FOR IMMEDIATE RELEASE
Rare Proofs from the Artist’s Collection
September 17 October 17th, 2005
Leslie Sacks Fine Art
11640 San Vicente Blvd. (Brentwood), Los Angeles, CA 90049
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Pablo Picasso, “Dressage au Cirque, Avec au Premier Plan. Ecuyere, Magicien, Fauconnier et la Colombe de Noe”, from the 156 Series, 19-20 April, 1970, etching, 36.8 x 48.8 cm.
All of the etchings in this exhibition are proofs printed before steel facing of the plates (to be explained further on). They are richer in contrasts than the regular edition and were kept by Picasso for his personal collection in the course of creating Series 60 and 156, between 1966 and 1971. It should also be noted that the proofs before steel facing are the only examples of these etchings printed during Picasso’s lifetime and thus subject to his scrutiny, the editions having been printed after the artist’s death. These works are registered with the Picasso Archives and bear the oval stamp of the Marina Picasso Collection, his granddaughter being a successor in direct ownership under the aegis of the Picasso Estate, from which these works were acquired.
During his seven decades of printmaking, Picasso created five major sets of etchings, a tour de force unrivaled in this medium. This is evidenced by his Saltimbanques Suite of 1904 to 1905 (15 works), Vollard Suite of 1930 to 1937 (100 works), Series 60 of 1966 to 1968 (60 works), 347 Series of 1968 (347 works) and, finally, his 156 Series of 1969 to 1971 (156 works). Totaling 678 individual images for these suites alone, Picasso’s output far surpassed Rembrandt’s oeuvre of some 300 etchings.
For each edition in Series 156 and 60 there were three proofs before steel facing (see Baer Catalogue Raisonne). These proofs, and the entire gamut of the editions, were pulled by the master printers Aldo and Piero Crommelynck. Examples of these proofs are in the permanent collections of the Bibliothèque Nationale and Musée National Picasso, Paris, the Museu Picasso, Barcelona, The Museum of Modern Art, New York, The Art Institute of Chicago and other major institutions around the world. Of the 648 proofs before steel facing from Series 156 and 60, only forty-two have the Picasso atelier signature and penciled annotation, “épreuve avant aciérage” (proof before steel facing). Of these forty-two, seventeen are presented in this exhibition.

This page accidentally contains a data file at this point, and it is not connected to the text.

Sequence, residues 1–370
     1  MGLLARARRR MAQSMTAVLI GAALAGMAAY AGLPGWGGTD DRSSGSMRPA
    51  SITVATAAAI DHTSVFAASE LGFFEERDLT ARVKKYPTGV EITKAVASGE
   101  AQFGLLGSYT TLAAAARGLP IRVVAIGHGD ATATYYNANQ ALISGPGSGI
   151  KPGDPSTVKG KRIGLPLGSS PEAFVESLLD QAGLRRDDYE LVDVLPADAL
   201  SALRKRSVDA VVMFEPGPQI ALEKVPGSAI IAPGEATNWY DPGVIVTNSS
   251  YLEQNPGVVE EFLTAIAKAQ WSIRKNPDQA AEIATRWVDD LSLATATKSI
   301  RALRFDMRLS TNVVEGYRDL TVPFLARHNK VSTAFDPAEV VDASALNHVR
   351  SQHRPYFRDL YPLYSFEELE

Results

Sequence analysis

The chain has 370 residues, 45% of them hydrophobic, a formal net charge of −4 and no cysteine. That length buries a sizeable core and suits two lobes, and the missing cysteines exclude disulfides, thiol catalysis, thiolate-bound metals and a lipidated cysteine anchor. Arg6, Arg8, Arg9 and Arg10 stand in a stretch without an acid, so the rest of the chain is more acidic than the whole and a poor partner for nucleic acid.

Steel facing is a modern technique whereby the soft copper plate into which the image is etched receives a thin coat of steel via electroplating in order to harden its surface. In this way an edition can be printed from beginning to end without degradation of image quality, unlike Rembrandt etchings, for example, whose bare copper plates wore down from the pressure of the press over the course of printing an edition. This resulted in a visible softening of lines, as well as a diminishing of subtle contrasts and tonal depth in examples from late in a print run. Although steel facing allows for consistent quality throughout an edition and is thus an improvement over a bare copper plate, the process necessarily reduces textural delicacy and tonal depth to some degree. Therefore, proofs before steel facing are the ultimate vehicles for displaying both the full expressive capacity of the etching process and in so doing that of the artist’s hand.